But this isn’t the only advantage Apple has as a distributor. If you go into your local game retailer and there are a bunch of wrong prices littered around the store, the Australian Government can issue a fine to that retailer for “misleading advertising”, amongst other issues. Every day, there are hundreds if not millions of Applications on the App Store that claim they are being sold at 80% off, or that they’re “Only 99cents” in the description, only for that not to be the case at all. This kind of ‘retailing’ would be illegal in Australia, yet it happens daily on the App Store.

Sure, it’s digital, but why is our Government selecting what rules apply to which companies? Every day we hear of a video game studio closing in Australia, or jobs being cut, or sales falling, or smaller retailers going out of business. The video game industry in Australia is crap. We spend over $1 Billion a year on video games in this country, however homegrown games are so rare, it’s almost pointless looking for them.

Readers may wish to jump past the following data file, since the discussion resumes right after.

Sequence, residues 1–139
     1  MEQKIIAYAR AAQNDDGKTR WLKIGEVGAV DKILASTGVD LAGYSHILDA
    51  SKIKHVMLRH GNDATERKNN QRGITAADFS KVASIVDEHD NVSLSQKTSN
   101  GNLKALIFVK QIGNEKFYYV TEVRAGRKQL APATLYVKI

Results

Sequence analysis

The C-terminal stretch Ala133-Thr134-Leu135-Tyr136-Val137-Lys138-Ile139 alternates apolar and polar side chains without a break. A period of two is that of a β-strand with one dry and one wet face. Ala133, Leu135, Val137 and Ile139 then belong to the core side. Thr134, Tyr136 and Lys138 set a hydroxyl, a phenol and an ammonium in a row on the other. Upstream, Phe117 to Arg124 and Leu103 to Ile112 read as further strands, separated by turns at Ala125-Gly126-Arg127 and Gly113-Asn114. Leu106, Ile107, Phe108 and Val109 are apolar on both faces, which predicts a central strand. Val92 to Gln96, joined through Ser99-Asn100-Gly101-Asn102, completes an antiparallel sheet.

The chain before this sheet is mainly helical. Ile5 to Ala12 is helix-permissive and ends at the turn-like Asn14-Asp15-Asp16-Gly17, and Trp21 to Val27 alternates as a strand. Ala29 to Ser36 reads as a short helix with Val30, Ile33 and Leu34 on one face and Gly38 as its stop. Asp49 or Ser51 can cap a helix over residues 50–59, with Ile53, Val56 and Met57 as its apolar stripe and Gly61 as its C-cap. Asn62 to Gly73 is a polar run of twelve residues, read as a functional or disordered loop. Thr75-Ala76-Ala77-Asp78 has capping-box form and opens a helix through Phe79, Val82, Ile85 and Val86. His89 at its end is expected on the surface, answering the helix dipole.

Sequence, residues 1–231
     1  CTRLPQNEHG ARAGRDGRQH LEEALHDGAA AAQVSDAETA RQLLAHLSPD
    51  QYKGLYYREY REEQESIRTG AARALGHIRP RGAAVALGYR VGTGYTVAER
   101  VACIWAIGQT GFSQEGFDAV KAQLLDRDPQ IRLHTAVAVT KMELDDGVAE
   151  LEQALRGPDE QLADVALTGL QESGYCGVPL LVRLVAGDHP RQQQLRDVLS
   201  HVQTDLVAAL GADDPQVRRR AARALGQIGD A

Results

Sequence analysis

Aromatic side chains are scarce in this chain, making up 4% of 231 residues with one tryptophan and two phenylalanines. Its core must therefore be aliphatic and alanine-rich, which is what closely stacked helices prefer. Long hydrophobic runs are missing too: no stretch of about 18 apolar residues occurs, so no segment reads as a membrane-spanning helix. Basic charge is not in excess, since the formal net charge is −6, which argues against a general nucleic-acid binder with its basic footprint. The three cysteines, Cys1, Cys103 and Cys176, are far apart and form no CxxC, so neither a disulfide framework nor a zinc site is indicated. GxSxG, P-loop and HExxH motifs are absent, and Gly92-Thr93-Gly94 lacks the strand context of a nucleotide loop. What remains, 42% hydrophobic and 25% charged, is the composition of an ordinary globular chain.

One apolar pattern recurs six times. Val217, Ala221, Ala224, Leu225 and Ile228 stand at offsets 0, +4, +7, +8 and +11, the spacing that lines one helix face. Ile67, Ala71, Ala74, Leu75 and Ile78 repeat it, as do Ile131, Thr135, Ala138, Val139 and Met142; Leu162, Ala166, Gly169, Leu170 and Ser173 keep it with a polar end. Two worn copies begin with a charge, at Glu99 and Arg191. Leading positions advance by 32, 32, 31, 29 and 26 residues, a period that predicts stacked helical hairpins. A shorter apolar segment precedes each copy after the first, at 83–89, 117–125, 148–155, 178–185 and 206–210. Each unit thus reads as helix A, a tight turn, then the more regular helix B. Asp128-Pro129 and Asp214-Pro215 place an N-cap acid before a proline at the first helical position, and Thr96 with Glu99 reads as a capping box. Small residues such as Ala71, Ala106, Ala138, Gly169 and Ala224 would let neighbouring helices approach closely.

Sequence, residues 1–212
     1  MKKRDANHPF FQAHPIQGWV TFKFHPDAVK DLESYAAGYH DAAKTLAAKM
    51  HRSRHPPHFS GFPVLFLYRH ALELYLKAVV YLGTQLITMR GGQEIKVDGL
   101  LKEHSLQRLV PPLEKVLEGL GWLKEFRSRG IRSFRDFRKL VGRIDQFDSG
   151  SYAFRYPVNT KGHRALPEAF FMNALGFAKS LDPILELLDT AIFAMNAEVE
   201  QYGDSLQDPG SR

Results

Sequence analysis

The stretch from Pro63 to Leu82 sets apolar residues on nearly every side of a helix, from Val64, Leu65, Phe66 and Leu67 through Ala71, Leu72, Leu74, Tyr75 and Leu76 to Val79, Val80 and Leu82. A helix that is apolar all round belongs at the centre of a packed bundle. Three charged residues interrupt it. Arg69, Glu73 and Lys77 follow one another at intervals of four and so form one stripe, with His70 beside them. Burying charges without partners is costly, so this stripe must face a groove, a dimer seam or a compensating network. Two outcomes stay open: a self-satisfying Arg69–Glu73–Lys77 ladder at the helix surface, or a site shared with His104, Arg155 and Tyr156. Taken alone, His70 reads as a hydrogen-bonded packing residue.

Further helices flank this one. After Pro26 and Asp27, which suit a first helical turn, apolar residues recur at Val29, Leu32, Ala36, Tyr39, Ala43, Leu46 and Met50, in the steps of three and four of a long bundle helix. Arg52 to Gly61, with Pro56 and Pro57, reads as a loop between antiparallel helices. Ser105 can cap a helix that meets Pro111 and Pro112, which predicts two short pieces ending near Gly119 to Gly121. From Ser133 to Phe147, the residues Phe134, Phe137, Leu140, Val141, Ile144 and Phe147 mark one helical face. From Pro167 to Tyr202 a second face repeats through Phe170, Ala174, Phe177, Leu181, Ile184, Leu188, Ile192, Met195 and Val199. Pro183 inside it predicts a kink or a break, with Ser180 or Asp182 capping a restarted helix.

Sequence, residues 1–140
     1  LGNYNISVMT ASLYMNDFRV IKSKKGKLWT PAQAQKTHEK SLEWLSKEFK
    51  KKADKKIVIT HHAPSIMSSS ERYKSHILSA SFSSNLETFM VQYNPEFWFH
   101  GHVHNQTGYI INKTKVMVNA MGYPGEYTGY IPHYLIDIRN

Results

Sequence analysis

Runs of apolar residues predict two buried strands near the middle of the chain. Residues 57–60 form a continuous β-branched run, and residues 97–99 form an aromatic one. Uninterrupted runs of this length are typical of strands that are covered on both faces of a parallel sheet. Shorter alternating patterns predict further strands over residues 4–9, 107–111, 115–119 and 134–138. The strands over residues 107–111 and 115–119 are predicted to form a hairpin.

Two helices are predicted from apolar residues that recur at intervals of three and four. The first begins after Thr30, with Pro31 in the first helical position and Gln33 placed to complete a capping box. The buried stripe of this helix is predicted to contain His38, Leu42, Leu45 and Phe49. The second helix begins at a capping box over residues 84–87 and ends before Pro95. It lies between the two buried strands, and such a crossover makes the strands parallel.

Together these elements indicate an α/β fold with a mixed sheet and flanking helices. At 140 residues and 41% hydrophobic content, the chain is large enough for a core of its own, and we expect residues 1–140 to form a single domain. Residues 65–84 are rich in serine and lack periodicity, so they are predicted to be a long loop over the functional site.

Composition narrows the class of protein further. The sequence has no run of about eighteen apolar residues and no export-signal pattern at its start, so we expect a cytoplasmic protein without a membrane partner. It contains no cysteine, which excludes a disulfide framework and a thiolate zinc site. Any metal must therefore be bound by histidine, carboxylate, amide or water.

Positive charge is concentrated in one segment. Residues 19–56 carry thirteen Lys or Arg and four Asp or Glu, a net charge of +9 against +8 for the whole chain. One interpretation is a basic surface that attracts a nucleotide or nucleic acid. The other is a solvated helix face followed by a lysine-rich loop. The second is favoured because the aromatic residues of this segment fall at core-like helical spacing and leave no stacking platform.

Our Government needs to pull their finger out and stop favouring companies that drive a truckload of iPhones to Parliament House, and start nurturing the video game industry in Australia. If it’s safe enough to trust Apple to classify video games, then it should be safe enough to trust Nintendo, Sony and Microsoft to do the same.

What are your thoughts on this subject? Sound off below.

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  • Anonymous

    My thoughts exactly!
    This is one of the reasons we seem to pay a premium price for the same product compared to the app store. Isn’t this the same case with Android?